While on a recent trip to Bogotá to explore the city and the new W hotel there, we were treated to a graffiti tour of the city. If you, like me, think you know graffiti because you once bought a book about Banksy at an Urban Outfitters or saw Exit Through the Gift Shop, then your knowledge is merely scratching the surface of the longstanding art form.
The hotel’s design, by New York-based Studio Gaia, is an homage to Colombia’s most precious assets: its mining community (dark cavernous corridors lead to bright and light guestrooms); gold (accents throughout are an allusion to the city of gold); emeralds (Bogotá could be called the Emerald City as the majority of the precious stones are produced in Colombia); and, of course, graffiti (a mural in the W Lounge highlights this notorious art form).
Graffiti is so important in Bogotá, as it is in many urban cities, that the W called upon Vertigo Graffiti, a collective of seven well-known graffiti artists founded in 2008, to craft a mural in tribute to El Dorado. The artists looked at the legend behind the legend, which featured, like many stories, a beautiful woman, her husband, and a strong warrior. From there, the story practically writes itself, and the piece depicts the woman, who drowned in the sea after her husband banished her.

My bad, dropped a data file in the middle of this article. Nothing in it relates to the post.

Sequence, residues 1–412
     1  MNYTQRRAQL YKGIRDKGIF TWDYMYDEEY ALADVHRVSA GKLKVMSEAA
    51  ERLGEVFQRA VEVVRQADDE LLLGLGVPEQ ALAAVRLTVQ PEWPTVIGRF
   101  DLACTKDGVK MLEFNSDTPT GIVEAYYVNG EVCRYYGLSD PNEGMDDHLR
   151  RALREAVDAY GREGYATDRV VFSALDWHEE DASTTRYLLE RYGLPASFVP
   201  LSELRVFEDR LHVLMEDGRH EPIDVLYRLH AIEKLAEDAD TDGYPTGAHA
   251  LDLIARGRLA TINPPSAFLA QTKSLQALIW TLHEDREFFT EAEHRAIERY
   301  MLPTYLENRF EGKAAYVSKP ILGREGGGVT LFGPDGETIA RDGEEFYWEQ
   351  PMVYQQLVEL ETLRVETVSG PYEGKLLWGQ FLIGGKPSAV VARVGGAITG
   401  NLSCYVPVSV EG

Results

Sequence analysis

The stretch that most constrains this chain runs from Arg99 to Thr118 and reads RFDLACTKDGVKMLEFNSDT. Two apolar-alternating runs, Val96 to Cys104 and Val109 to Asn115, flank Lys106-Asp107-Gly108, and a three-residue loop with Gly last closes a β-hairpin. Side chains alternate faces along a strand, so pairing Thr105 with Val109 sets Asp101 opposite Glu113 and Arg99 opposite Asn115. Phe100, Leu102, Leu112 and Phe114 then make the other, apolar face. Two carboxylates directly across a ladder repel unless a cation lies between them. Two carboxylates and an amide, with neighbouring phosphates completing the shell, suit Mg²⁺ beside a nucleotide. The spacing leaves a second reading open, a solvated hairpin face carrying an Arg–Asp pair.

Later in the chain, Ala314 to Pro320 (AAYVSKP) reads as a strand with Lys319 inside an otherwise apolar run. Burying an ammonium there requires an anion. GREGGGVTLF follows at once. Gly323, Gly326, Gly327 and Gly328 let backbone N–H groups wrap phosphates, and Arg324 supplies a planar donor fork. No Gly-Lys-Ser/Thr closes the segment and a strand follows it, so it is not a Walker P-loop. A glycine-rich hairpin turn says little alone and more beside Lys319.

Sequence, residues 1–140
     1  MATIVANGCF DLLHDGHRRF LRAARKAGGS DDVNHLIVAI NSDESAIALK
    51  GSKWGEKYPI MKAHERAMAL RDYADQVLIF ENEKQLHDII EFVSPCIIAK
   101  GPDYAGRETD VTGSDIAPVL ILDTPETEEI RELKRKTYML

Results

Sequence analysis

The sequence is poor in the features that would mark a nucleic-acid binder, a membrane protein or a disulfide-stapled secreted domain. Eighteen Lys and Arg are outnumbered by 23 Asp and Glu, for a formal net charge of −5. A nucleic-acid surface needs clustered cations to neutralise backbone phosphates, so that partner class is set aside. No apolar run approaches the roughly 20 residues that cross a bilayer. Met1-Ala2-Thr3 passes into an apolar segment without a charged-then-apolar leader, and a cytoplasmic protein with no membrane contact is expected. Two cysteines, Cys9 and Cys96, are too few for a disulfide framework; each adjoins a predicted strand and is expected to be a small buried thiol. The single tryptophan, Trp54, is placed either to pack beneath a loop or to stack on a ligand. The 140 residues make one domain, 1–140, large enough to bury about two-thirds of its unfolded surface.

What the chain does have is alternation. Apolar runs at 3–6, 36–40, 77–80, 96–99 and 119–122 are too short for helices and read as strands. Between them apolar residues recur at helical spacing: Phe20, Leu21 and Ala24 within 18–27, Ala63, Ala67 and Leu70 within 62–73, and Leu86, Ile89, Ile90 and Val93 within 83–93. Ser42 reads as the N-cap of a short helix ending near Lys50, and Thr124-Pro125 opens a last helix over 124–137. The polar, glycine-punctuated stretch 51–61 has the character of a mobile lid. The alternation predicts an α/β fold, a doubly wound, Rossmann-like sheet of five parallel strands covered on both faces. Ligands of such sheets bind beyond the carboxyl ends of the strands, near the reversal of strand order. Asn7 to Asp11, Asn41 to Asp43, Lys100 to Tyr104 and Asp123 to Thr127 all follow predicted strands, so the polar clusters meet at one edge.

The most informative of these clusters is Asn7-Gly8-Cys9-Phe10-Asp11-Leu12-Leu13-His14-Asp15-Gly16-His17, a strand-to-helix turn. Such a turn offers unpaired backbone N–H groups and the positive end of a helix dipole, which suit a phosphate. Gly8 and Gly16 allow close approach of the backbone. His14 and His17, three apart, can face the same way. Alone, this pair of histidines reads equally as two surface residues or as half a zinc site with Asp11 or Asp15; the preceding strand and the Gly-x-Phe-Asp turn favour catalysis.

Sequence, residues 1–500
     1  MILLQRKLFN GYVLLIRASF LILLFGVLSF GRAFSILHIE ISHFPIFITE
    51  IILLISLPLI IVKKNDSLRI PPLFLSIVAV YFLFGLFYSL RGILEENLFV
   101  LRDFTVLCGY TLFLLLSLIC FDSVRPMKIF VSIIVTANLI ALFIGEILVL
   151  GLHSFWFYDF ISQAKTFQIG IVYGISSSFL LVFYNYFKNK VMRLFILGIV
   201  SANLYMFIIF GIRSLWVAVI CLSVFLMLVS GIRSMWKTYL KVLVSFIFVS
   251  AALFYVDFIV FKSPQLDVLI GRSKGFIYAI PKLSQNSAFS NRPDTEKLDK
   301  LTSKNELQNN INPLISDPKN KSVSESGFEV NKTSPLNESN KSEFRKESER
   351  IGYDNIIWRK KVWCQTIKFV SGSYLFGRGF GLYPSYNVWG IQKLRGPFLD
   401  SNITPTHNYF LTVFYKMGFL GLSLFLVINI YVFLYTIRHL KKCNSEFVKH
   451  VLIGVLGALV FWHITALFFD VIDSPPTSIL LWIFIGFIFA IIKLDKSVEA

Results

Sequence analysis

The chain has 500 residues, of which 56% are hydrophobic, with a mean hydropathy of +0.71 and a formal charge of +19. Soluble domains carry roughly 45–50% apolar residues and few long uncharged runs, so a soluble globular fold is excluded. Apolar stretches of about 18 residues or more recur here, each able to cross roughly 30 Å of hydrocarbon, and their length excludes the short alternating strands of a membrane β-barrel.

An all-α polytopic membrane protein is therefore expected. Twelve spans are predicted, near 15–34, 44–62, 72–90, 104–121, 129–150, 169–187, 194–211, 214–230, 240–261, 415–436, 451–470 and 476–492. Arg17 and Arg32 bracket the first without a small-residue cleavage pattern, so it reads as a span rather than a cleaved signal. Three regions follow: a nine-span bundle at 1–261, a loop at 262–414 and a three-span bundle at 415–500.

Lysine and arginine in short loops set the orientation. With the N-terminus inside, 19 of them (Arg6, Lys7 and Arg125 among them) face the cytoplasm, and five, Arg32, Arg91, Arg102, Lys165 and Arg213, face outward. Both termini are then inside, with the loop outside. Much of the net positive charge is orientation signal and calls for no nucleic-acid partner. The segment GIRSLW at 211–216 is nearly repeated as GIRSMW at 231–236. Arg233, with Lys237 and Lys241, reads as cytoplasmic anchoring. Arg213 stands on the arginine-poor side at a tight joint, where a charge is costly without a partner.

While this is visible in the W Lounge, it also is insight into the colors and patterns that pervade the Colombian city. During a street tour, we stopped in front of a mural scaling a 10-foot wall in the middle of Bogotá. “The Kiss of the Invisible,” one of Vertigo Graffiti’s most prominent commissioned works, is based on a famous photo by Hector Favior Zamora of a homeless couple sharing a kiss and an embrace, and highlights love.
Like many prominent art forms, graffiti is a response to oppression, political unpopularity, and the chaos of the world. And Vertigo Graffiti is doing what graffiti has always set out to do: to be seen and known.